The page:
I’m frightened of everything. I walk around with my abnormal body. I haven’t learned to accept it yet, this body that bulges in every direction. Now I have two round lumps jutting out of my chest, and shrubbery growing in my armpits and between my legs. And then there’s the fear that’s plunged itself deep inside me.
The cemetery where she meets him after work is both vertiginous and claustrophobic. The graves are crowded closely together, like huddled children cowering from punishment, then there is a short stretch of lawn tilting to the cliff’s edge, and beyond that a sickening void she imagines rushing out to meet her. Why would it occur to someone to build a cemetery on a steep escarpment above the Pacific Ocean? The weed-hemmed tombstones are cracked and bleached. No one has been buried here for ages; they’re all in the fashionable new cemetery out near the airport. The paths are strewn with shards of glass, the torn petals of sad plastic flowers, scraps of trash, and shriveled cigarette butts, and the whole thing might have an air of tawdriness if not for that view: blinding blue sky sliced horizontally by the cliff edge, the wild ocean below. The audacious, swaggering drama of it.
I am not pleased. Paint is dripping down my hoof and the colors are muddled together. I shouldn’t complain. I agreed to it, of course.
Hafiz is putting together a zoo. And he asked me to be the zebra.
“You’re a very good donkey, habibi,” he told me three days ago, “but the border is closed, and everyone says prices for using the smuggling tunnels have gone up. I can’t afford the zebra in Damascus, and the one in Cairo is twice that price.” He gestured wildly, scattering my oats. What a waste.
I don’t know much about borders, but I would do anything for Hafiz. He is more than a father to me.
Kimberley didn’t know that her estranged father, Mr. H, cloth magnate, up-and-coming politician, had been shot. While he was in Trinidad, sliding from the leather backseat to become a heap on the floor of his car, she was still in self-imposed exile in Barbados, her tongue traveling down the ripples of her “roommate” Rachel’s sculpted stomach.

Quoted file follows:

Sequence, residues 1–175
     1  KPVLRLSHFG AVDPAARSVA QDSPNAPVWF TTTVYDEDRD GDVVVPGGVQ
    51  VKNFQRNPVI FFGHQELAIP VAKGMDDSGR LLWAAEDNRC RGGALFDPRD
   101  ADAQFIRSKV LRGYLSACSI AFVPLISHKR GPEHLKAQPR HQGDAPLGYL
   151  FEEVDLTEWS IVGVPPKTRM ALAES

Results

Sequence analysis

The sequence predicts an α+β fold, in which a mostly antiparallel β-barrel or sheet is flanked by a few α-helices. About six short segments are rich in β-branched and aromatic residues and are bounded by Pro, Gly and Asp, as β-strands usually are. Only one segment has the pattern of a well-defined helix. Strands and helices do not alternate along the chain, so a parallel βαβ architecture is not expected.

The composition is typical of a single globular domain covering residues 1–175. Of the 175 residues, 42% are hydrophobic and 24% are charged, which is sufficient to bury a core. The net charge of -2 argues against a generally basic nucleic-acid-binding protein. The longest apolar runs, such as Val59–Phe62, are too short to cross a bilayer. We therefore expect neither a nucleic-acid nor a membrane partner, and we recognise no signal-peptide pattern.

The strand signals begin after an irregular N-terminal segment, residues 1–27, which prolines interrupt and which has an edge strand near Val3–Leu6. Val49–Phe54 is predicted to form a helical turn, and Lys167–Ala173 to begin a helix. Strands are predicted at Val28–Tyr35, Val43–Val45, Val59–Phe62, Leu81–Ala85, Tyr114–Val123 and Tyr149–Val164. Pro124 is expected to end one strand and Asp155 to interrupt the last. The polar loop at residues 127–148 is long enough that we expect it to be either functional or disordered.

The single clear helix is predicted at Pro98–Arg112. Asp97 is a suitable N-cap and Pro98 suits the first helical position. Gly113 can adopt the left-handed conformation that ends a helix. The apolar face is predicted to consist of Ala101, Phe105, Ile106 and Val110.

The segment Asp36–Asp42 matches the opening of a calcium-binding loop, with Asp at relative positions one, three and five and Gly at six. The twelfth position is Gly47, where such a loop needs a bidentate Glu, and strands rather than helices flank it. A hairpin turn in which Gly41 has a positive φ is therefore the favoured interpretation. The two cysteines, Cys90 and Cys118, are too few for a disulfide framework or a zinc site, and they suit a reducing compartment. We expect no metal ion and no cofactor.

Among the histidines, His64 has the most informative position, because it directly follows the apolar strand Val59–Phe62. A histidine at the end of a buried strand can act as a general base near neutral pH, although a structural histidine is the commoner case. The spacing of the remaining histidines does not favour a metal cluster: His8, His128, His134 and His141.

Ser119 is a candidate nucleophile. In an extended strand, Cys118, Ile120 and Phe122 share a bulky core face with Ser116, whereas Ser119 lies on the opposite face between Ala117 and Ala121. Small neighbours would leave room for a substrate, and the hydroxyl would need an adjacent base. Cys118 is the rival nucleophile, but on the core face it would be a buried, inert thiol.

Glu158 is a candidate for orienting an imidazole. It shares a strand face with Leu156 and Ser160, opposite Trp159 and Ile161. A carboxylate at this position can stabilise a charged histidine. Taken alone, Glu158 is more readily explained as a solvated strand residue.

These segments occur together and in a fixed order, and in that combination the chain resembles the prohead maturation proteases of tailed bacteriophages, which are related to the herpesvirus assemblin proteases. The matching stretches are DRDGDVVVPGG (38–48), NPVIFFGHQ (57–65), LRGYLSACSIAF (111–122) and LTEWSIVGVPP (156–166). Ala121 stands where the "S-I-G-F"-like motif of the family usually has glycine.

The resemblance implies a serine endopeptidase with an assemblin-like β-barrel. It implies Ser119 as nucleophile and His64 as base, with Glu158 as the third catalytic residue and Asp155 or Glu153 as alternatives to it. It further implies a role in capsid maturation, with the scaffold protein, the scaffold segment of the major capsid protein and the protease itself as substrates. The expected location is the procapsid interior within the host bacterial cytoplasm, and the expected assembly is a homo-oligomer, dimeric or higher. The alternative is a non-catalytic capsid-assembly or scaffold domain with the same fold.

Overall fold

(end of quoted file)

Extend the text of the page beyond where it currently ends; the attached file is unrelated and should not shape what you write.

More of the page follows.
I know a man whose heart is instructed in Bedouin life. He knows the desert and its moods, and has learned early on that it doesn’t like to be challenged. I know him walking without pause, teaching his feet and his heart the ways, walking slowly and deliberately, the trails trembling beneath him. Aimlessly he digs into the sand of the earth and settles nowhere, for his early existence taught him that a real Bedouin doesn’t settle except in death. He may pause, but if he does, life sneaks up on him with its poison. With every pause comes an ache. The trick is not to overcome life’s problems, but to understand its laws.
To my counterpart in privation: The Awaited Mahdi, Mohammed al-Mahdi Saqal
If he’d obeyed me I wouldn’t be here now, and he wouldn’t be there, either… but he’s what they call around here head-cracking stubborn.
Lice and stench and cockroaches. I thought head lice died out ages ago, but in this dump they’re still going strong. The flabby woman sitting across from me is picking through her friend’s hair. From time to time she yells out, “There’s one. I’ve got it!” She squashes each little nit between her two thumbs.